There are many inspirational people who have helped to set me on my way. Geoff Burgess, the principal who initially employed me at Saint Kents was a true professional who introduced me to the standards expected at a private school and then following him, Peter Cassie, current principal. Peter’s vision for the Arrowsmith Program and belief in me helped to orchestrate what is now a growing independent school and he kindly acted as my referee when applying to be a member of ISNZ. Peter’s hands-on and direct approach gave me confidence to pursue my passion of the programme. Last March, during the ISNZ seminar for aspiring leaders, I was introduced to Dale Burden, principal at St Peter’s. His inspirational presentation will remain with me for a long time. His speech resonated with me and reassured me that I was on the right path. My husband, Mike, is my biggest advocate. He has been behind me the whole way; his business acumen and drive ensured I remained steadfast with my vision to reach my goal of opening a school. He never waivers in his support and continues to be my closest ally and loudest fan.

In regard to enlightening moments, I would highlight training in the Arrowsmith Program in Toronto – the absolute passion I feel for this programme put me on a path I regard as my raison d’être. Being approved by the Ministry of Education as a fully-registered school gave us the credibility that new families look for and those who have been through this process will understand the absolute focus and dedication needed to be registered. Becoming a member of ISNZ truly humbled me as I have the highest regard for the organisation and what it represents; to be a part of ISNZ is important to me for support and career guidance. The moment I received notification of membership, I was emotional – the culmination of years of hard work and commitment unfold in surprising ways and this was a very rewarding moment.

 

How would you describe your leadership philosophy?

My leadership philosophy is to instill a feeling of accomplishment, both to staff and to my students. I constantly strive to help my teaching staff improve their understanding of the programme to deliver better educational and outcomes for our students. By empowering everyone at A1 Student through quality teaching and empathic awareness, this has gone a long way to ensure everyone leaves school each day a happier person. The nurturing nature of the school is key to our success and I encourage ongoing professional development (PD) to maintain current skills and promote investment in the school. I would say my ability to pass on important information about students and clear instructions to staff regarding the programme are key to the smooth running of the school. Our staff are consistently asked to participate in sharing their ideas for constant improvement and I believe this collaboration is important to help all our staff feel included, valued and respected.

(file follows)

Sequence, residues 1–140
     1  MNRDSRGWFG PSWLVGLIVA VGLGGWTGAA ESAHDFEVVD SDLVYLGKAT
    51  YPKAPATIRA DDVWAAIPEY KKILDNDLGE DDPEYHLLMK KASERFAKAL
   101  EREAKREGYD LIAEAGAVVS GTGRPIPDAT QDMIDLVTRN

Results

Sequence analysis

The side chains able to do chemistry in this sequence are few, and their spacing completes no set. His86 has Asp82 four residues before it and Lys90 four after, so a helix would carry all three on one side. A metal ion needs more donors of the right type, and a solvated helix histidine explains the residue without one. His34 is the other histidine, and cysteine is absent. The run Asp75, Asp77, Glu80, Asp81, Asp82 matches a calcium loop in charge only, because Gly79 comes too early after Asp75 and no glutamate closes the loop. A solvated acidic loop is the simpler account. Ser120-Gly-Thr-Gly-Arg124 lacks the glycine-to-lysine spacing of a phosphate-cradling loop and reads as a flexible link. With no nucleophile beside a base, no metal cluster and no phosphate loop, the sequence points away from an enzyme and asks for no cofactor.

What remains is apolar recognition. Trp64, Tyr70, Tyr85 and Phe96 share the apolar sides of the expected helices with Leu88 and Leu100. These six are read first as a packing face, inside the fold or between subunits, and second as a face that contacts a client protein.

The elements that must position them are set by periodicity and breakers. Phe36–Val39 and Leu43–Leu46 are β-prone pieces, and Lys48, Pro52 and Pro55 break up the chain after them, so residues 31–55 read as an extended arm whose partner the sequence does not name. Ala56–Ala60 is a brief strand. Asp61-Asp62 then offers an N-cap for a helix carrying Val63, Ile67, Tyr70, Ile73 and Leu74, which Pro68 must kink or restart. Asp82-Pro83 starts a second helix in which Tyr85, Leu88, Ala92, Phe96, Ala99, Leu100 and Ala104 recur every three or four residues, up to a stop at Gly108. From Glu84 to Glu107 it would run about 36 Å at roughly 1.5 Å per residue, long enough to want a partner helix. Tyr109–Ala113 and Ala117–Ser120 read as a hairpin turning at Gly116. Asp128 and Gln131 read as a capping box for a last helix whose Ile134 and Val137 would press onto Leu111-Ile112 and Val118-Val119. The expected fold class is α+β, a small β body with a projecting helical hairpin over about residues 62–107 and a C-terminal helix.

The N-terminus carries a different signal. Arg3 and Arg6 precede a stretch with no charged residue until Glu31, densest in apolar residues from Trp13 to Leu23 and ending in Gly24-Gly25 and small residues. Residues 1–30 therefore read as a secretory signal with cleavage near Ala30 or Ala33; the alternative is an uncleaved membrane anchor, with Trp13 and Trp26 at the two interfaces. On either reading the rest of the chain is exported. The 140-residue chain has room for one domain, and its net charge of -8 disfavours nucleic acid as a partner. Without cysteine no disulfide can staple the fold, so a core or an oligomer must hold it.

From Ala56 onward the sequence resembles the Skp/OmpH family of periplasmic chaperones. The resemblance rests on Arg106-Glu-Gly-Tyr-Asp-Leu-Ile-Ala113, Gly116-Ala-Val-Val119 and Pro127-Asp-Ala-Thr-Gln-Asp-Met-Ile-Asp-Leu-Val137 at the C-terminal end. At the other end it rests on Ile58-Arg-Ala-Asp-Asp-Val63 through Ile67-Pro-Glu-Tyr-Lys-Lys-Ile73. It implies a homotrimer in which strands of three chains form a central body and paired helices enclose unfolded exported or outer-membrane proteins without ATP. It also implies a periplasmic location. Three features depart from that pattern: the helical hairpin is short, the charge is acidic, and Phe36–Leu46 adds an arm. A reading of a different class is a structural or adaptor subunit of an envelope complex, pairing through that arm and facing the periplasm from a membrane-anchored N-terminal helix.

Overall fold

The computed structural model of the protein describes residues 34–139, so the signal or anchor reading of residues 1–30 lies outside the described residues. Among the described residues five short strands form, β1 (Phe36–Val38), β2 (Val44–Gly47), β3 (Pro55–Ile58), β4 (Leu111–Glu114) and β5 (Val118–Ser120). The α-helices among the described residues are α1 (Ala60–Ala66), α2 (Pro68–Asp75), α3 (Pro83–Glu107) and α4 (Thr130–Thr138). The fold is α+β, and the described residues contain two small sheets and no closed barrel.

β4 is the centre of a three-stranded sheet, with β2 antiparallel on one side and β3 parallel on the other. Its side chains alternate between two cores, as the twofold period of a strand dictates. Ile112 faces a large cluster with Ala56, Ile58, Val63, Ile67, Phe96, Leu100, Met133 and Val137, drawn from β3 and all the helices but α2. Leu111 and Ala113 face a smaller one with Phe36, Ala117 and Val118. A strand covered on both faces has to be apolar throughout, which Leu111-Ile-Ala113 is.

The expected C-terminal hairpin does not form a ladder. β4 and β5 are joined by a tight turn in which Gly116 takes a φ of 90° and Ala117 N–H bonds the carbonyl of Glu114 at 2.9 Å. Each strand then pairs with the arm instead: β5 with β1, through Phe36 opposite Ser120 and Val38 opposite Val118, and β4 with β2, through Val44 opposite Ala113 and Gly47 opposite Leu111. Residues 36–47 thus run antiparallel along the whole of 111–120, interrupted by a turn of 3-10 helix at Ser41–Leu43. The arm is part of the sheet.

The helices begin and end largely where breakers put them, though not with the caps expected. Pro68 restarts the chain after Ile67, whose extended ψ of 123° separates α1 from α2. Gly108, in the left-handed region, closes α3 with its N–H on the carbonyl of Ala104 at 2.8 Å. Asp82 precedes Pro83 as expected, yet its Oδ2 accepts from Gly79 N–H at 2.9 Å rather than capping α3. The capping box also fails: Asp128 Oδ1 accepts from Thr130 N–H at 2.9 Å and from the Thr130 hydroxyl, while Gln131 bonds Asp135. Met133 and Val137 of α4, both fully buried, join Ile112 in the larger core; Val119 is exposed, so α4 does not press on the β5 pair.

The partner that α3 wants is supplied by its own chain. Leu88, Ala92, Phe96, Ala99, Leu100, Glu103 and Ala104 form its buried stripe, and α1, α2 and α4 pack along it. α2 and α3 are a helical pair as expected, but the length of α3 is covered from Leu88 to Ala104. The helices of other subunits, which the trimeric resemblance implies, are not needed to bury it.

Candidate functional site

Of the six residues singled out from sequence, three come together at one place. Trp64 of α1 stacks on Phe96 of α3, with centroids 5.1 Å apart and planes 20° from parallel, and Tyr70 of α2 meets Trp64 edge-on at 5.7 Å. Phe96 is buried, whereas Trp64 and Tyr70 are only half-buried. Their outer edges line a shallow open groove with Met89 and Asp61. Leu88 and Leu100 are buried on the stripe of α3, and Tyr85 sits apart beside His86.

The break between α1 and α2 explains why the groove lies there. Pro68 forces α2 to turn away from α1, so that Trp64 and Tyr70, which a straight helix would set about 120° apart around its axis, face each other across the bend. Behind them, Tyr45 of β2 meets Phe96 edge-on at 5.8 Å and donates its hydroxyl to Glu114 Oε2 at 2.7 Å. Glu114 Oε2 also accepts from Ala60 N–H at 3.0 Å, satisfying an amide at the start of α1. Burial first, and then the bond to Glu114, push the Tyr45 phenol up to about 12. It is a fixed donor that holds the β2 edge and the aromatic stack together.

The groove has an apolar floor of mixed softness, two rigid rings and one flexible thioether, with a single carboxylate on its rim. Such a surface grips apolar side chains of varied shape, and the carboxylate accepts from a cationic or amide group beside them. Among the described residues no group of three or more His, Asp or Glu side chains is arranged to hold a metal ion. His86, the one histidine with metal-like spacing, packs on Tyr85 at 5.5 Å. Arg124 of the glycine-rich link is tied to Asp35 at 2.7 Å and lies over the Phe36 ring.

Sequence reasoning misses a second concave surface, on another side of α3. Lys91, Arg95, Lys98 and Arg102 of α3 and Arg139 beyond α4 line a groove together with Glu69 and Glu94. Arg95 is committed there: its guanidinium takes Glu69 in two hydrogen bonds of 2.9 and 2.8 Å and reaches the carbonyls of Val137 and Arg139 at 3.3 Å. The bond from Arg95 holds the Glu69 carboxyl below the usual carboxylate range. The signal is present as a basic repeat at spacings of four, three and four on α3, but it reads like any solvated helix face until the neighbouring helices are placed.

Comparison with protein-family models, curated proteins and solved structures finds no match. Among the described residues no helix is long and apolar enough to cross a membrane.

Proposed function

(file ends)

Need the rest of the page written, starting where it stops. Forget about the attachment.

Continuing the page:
Can you share your thoughts about independent education – in New Zealand and internationally?

Independent education in New Zealand may provide students with opportunities and resources they may not be able to access in state schools. For example, overseas travel and state-of-the-art facilities. I believe the perception is that families expect more from independent schools with regard to curriculum, sport, learning support, facilities and calibre of teacher because they are paying for them. Expectations of personal conduct from staff of their students is high and expectations of staff to deliver are high. Academic success is expected to be higher than state schools due to the alleged higher salaries to entice top-quality staff, and families tend to see independent schools as the stepping stone to securing respected employment. Alumni is strongly connected and opportunities are often found through friendships formed in independent schools.

For international schools, I would say the same as the above.

 

What do you see as the benefits of working at an independent school?

  • As a private school we are able to offer an established neuroplasticity programme that is not available in Ministry of Education schools
  • Reputation of the school can open doors
  • High standard of behaviour from students
  • Opportunity to experience career paths in boarding/pastoral areas
  • Private health care subsidies
  • Teacher registration fee waived/subsidsed
  • Networking with other independent schools (school visits, PD)
  • Sporting fixtures are well attended and supported
  • Facilities are excellent
  • Smaller class size (usually)
  • Marginally-higher salary
  • Annual bonus towards clothing allowance etc
  • Membership to ISNZ gives access to PD, support and career vacancies.

 

What do you see as the benefits for students of attending an independent school?

  • Smaller class size
  • Excellent facilities
  • Opportunities in music, sport, curriculum, culture
  • Alumni connections
  • Respected in the community (usually!)
  • Academic success expected and supported
  • Learning support usually at a high level
  • Opportunity to learn a variety of foreign languages
  • Strong traditions (for example, assembly, chapel, uniform)
  • Etiquette
  • Single-sex education more common (if desired)
  • Holiday dates preferable (for example, three weeks in July instead of two in state schools).